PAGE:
Drama production soars to new heights


The entire cast lines up to take a final bow on closing night of their production, “In the Heights.” The show was sold out as all of Monte Vista’s arts programs contributed.

Lauren Edelman and Mikayla Flores, News Editor and Op/Ed Editor

If you haven’t had “Come see the show!” shouted at you at one point or another while you were inside a hallway, classroom, or while going to the bathroom, then you most likely are not a student at Monte Vista.

Four of Monte Vista’s art programs – drama, choir, dance, and band – devoted hours after school and during the weekends to combine their talents into one major theatre production.
This play, “In the Heights”, was written by Lin Manuel Miranda, a man who is more famous among high school students as the writer and lead actor of Hamilton.  “In the Heights,” looks at the lives of Latinos living in a New York neighborhood called Washington Heights over a three-day period in July.  The show depicts their hardships, how they live on a day-to-day basis, and struggle to find themselves. Specifically, the story revolves around a shop owner, Usnavi, and his love interest, Vanessa, and the Rosario family’s daughter, Nina, who is in love with their employee Benny while trying to afford Stanford tuition. Opening night was Wednesday, February 28, and the closing night was Saturday, March 3.

The Drama class aims to put on several plays throughout the year. For the students who want to star in the productions, they can audition for Play Productions. Once in Play Production, students are able to audition for roles in the plays Drama puts on. However, this recent musical was unique because all students in Monte Vista had the opportunity to audition. Many people who performed in the musical were from the top choir class, Chambers.

After the last production, Drama officers voted on the next production.  Senior and Drama officer Megan Chuah explains the role of being an officer.

“This show was a lot to take on, being a Drama Club officer. I had the privilege of being able to choose the show,” Chuah said. “It was a long debate about how rigorous it was and we all were scared but willing to take on the challenge.”

While the musical was only two hours long, the work that went into it took hours during the weekend. The class began brainstorming and planning the set in November, after the end of the Fall show. Paulina Fisher is a senior who is the head of the set-building committee.

“This set was really intricate,” Fisher said. “We had to make it look like a city, so two story buildings were necessary. The most challenging part was making a fire escape so that two actors could sit on top of it…and it had to be stable. It wasn’t super complex, but it made us always just a little on edge.”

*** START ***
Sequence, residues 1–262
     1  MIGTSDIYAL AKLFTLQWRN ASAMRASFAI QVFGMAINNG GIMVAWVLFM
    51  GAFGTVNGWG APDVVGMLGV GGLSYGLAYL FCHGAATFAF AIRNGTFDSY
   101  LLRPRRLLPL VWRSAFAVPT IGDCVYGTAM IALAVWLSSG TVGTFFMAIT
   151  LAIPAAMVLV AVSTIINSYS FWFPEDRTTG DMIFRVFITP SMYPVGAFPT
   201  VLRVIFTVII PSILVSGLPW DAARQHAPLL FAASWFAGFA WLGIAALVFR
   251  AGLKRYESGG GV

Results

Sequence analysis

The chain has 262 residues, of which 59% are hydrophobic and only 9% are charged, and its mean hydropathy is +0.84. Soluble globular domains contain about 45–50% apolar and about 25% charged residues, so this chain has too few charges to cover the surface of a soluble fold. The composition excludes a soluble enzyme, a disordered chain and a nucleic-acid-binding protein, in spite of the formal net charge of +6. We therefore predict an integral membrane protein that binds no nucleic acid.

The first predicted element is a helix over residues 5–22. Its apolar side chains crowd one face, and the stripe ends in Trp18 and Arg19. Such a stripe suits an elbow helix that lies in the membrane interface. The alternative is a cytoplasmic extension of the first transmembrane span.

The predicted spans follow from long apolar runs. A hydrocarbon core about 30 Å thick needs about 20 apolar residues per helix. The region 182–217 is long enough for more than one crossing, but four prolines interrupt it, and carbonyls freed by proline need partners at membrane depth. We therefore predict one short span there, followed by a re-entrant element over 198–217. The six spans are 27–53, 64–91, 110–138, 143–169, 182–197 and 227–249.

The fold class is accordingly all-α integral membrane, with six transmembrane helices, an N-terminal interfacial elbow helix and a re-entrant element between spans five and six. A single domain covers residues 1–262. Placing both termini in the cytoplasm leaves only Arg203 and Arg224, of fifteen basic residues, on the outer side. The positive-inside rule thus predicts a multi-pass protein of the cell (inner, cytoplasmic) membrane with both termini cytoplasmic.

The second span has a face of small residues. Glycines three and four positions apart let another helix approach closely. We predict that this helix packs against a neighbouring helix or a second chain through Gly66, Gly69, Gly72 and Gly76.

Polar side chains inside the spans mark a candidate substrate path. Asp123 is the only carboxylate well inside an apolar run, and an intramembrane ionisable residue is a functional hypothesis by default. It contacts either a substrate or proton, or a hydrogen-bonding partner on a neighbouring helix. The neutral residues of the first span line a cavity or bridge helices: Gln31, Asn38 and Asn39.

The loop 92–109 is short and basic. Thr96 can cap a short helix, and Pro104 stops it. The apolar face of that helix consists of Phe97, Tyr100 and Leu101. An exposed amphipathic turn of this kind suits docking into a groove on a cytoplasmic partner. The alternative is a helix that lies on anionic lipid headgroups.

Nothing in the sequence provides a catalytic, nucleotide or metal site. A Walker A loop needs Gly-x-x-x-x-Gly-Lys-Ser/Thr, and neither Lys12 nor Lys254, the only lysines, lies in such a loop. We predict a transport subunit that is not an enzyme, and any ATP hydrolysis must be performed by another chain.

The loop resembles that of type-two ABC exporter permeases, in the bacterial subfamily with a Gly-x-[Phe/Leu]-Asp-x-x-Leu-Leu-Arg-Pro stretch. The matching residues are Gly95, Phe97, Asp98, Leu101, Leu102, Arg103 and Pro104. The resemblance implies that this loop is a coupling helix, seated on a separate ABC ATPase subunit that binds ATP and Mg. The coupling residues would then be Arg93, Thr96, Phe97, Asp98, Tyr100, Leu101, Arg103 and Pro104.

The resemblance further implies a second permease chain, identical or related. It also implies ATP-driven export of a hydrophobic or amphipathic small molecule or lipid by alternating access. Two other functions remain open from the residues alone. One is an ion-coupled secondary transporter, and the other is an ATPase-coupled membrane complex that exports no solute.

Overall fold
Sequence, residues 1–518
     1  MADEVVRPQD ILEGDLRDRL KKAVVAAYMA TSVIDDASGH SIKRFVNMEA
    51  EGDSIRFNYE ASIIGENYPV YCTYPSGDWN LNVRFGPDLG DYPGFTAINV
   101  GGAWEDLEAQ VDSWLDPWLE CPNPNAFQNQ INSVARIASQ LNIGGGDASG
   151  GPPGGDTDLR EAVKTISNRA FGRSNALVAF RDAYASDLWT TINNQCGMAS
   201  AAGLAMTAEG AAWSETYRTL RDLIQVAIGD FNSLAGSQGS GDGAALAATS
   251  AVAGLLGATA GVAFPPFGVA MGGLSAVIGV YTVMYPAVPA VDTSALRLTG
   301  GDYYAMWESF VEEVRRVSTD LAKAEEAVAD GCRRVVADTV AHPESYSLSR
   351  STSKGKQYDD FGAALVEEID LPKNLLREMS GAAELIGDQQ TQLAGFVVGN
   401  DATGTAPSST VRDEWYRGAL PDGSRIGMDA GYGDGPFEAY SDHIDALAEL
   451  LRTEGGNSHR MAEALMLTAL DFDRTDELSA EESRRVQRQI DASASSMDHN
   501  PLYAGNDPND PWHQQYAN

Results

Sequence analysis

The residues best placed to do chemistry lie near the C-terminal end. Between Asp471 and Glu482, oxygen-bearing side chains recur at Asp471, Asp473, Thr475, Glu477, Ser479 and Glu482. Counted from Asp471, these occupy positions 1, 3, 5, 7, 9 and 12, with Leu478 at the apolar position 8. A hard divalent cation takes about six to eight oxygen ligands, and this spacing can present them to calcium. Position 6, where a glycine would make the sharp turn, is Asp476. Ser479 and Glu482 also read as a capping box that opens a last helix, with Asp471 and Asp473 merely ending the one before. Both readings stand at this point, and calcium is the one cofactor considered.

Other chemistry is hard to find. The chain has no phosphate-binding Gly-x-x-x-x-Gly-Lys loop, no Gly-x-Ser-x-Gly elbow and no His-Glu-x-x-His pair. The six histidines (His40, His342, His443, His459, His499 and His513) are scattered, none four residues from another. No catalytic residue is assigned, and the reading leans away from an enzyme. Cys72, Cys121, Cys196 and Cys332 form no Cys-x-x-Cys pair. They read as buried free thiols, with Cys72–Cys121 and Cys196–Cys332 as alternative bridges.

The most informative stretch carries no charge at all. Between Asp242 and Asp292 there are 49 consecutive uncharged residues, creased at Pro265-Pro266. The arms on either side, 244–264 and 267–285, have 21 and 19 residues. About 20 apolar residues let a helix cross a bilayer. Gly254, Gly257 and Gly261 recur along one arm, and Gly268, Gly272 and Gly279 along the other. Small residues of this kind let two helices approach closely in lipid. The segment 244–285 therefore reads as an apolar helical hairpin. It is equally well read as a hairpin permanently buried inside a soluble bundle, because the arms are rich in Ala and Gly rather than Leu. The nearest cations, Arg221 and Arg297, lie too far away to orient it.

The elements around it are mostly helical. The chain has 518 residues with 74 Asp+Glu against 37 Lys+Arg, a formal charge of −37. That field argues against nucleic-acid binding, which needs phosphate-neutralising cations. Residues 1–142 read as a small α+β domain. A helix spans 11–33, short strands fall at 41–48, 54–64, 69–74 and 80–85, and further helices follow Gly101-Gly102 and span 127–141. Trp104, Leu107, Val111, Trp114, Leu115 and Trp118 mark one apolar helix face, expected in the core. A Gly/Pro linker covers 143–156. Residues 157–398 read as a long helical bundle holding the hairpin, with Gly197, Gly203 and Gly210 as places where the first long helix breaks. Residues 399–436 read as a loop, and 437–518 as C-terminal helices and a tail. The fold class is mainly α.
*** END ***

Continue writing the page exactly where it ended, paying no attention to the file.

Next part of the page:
Natalie Couture is a senior in Play Productions. She played the role of Daniela, a hairdresser living in Washington heights.

“The hardest part about this show was its size,” Couture said. “It’s easily the biggest show we’ve ever put on and contains more singing than any other musical we’ve done.”

Couture also put a lot of work into the set, and helped build the fire escape the actors sat on top of. She explained how the drama classes divide up the work to build such a complex set.

“We have a designated group in stage crafts that essentially is there to design and take lead in building the set,” Couture said. The rest of the stage crafts class and the cast of the production then come in on workdays or after school and we all work on building the set together, often dividing up to work in multiple smaller groups.”

Couture helped Fisher put in work on the fire escape, and felt a lot of pressure about its structure and stability.

“Just know that I was crossing my fingers backstage every time Peter Eidler and Natalie Haberstroh sat on the fire escape and hoped it wouldn’t fall down,” Couture said.

Senior Courtney Dowling comments on the work of Couture and Fisher.

“The show was rather wonderful,” Dowling said. “It’s definitely the most complex set we’ve ever done. It’s genuinely insane and Paulina and Natalie were basically all of it.”

Additionally, Dowling was the head of costume design and had to get creative with the apparel and her budgetary limitations.

“This [production] was different because it’s modern and it’s not as hard to find stuff,” Dowling said. “But the cast was significantly larger since we went from a 20 person cast to a 60 person cast – so that’s kinda insane. And my budget went from $1,500 to $400.”

Drama put tireless effort into the production and they were overjoyed that the success was worth the hard work.

“The message in the show is also incredible as it emphasizes a modern problem, of people who have different backgrounds and cultures trying to find their way and trying to understand what it means to be Latino whilst in America,” Chuah said. “This show required 13 hour workdays and a lot of yelling, but in the end, the most important part is to realize how far we have come and how to really drive the message of the show home in a way that will leave with the audience.”